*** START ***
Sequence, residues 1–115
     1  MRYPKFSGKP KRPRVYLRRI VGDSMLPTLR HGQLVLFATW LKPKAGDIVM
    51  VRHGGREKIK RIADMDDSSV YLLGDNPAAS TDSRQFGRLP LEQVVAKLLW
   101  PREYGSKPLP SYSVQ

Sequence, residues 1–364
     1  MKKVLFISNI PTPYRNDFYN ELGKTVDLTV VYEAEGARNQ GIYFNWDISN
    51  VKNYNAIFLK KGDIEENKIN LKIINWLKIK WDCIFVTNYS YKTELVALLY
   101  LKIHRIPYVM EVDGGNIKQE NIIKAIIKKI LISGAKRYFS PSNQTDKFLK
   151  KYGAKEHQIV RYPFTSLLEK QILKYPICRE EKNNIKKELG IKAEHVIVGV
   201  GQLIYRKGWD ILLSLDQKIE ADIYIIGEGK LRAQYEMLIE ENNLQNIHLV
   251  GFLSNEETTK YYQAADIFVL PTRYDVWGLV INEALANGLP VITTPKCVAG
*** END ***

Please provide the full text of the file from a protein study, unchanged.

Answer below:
Sequence, residues 1–115
     1  MRYPKFSGKP KRPRVYLRRI VGDSMLPTLR HGQLVLFATW LKPKAGDIVM
    51  VRHGGREKIK RIADMDDSSV YLLGDNPAAS TDSRQFGRLP LEQVVAKLLW
   101  PREYGSKPLP SYSVQ

Sequence, residues 1–364
     1  MKKVLFISNI PTPYRNDFYN ELGKTVDLTV VYEAEGARNQ GIYFNWDISN
    51  VKNYNAIFLK KGDIEENKIN LKIINWLKIK WDCIFVTNYS YKTELVALLY
   101  LKIHRIPYVM EVDGGNIKQE NIIKAIIKKI LISGAKRYFS PSNQTDKFLK
   151  KYGAKEHQIV RYPFTSLLEK QILKYPICRE EKNNIKKELG IKAEHVIVGV
   201  GQLIYRKGWD ILLSLDQKIE ADIYIIGEGK LRAQYEMLIE ENNLQNIHLV
   251  GFLSNEETTK YYQAADIFVL PTRYDVWGLV INEALANGLP VITTPKCVAG